Congratulations to our February 2021 student of the month, Heath Vann. Heath is a Masters student in the school of Electrical and Computer Engineering, advised by Dr. Nathan Goodman.
Heath's research with Dr. Goodman focuses on on simultaneous transmit and receive (STAR) with all-digital arrays for multi-function applications.
In his free time, Heath enjoys spending time outdoors, playing disc golf, and spending time with his wife.
Ellie Langley has been selected as the ARRC's January 2020 Student of the Month!
Ellie is a School of Electrical and Computer Engineering Masters student advised by Caleb Fulton.
Her current research focuses on working with Dr. Fulton on a project called HORUS, involving phased arrays.
In her free time, Ellie likes to run and play the cello!
Our December student of the month, Tony R. Segales, is a PhD student in the School of Electrical and Computer Engineering. Tony is advised by Prof. Phil Chilson.
"My research centers around developing small unmanned aircraft systems for adaptive atmospheric sampling which utilizes CAD modeling, system optimization, hardware and software integration, and control theory. I am leading the design of the CopterSonde series of vehicles, which focus on the collection of precise weather data at high temporal and spatial resolutions. I also advise other projects in which sensor integration or new UAS are required, such as SENSR."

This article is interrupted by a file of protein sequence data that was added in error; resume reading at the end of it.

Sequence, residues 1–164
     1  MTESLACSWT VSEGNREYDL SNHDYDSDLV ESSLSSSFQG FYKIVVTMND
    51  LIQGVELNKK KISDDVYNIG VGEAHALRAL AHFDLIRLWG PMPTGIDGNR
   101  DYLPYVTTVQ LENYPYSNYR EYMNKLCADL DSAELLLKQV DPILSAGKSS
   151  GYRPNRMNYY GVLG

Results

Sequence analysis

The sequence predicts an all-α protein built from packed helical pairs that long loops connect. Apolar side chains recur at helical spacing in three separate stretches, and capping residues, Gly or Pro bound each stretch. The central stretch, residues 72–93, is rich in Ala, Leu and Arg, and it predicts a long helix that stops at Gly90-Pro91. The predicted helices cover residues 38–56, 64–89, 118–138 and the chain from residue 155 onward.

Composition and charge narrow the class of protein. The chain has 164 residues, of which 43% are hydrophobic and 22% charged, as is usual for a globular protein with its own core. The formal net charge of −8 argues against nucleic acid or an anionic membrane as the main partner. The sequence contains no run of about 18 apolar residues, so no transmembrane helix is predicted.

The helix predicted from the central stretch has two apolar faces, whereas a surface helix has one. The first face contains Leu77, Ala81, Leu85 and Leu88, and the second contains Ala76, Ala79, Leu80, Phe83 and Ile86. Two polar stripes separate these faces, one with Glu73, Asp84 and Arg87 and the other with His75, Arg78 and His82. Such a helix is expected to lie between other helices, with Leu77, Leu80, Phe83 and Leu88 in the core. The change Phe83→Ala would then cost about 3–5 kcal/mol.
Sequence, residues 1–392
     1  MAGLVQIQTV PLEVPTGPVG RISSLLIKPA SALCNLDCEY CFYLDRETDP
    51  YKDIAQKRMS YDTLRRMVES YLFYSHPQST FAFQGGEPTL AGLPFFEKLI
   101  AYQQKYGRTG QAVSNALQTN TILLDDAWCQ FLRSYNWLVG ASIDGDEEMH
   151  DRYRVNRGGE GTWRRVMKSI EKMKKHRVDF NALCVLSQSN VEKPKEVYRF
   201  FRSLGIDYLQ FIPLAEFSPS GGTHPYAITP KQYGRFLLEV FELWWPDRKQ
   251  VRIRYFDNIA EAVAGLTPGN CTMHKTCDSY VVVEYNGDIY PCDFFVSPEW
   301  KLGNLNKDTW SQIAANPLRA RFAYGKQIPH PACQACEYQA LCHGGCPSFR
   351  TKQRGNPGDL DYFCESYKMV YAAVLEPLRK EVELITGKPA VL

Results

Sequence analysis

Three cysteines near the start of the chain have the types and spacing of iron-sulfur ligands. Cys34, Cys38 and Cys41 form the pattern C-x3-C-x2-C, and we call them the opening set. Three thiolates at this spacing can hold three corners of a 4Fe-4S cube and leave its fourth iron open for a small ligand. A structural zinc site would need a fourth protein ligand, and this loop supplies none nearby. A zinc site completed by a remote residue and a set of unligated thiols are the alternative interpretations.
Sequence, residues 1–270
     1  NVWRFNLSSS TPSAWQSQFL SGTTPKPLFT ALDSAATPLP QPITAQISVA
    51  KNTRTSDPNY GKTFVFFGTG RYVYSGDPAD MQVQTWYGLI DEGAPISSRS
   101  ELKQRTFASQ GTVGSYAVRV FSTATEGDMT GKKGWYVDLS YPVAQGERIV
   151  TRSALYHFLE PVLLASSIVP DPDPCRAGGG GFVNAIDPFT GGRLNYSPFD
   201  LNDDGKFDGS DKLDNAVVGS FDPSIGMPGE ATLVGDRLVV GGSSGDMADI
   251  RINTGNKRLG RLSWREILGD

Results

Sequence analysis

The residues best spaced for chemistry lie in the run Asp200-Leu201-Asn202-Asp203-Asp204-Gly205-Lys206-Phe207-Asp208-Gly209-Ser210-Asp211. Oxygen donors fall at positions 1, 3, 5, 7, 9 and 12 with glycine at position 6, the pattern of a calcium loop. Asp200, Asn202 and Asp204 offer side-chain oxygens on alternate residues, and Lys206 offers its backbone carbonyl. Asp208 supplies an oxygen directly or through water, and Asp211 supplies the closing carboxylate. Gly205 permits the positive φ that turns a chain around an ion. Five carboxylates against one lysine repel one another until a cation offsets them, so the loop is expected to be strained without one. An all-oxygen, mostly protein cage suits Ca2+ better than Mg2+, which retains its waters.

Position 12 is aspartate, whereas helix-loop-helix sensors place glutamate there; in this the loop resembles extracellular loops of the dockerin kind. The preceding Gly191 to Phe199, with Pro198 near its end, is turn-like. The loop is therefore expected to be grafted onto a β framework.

"I like to spend my free time flying my own RC helicopter and FPV drones at the airfield. I also enjoy playing tennis, watching Formula 1 races, and doing outdoor activities."
On November 30, 2020, the ARRC hosted a virtual ceremony congratulating Arturo Umeyama as the 2020 WNI Scholarship Recipient. Executive Director Bob Palmer gave remarks, along with Dean Berrien Moore and Weathernews Inc. CEO Chihito Kusabiraki.
The $5000 award, established in 2017 to enhance advanced research and development of radar technology, is presented annually to an outstanding ARRC student studying weather radar, observations of the atmosphere, data analysis, and implementation.
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"To get more students excited about engineering careers in RF and help them better understand Electromagnetics (EM) principles, Assistant Professor Jay McDaniel worked with Tektronix to devise a 10-workstation lab for experiential learning opportunities in OU’s EM courses.
Tektronix’s cost-effective USB instrumentation like the TTR500 series vector network analyzer and RSA306B series spectrum analyzer helped OU make a budget conscious purchase that would attract more students to the program and better prepare those students for jobs after they graduate."
Visit the Tektronix website here to read more and view a PDF of the case study.
"After a debilitating motorcycle accident, a top radar researcher defied the odds with help from family and colleagues on two OU campuses." Anne Barajas Harp of Sooner Magazine has written a story on faculty member Caleb Fulton's motorcycle accident last fall, and his amazing recovery. Please read more here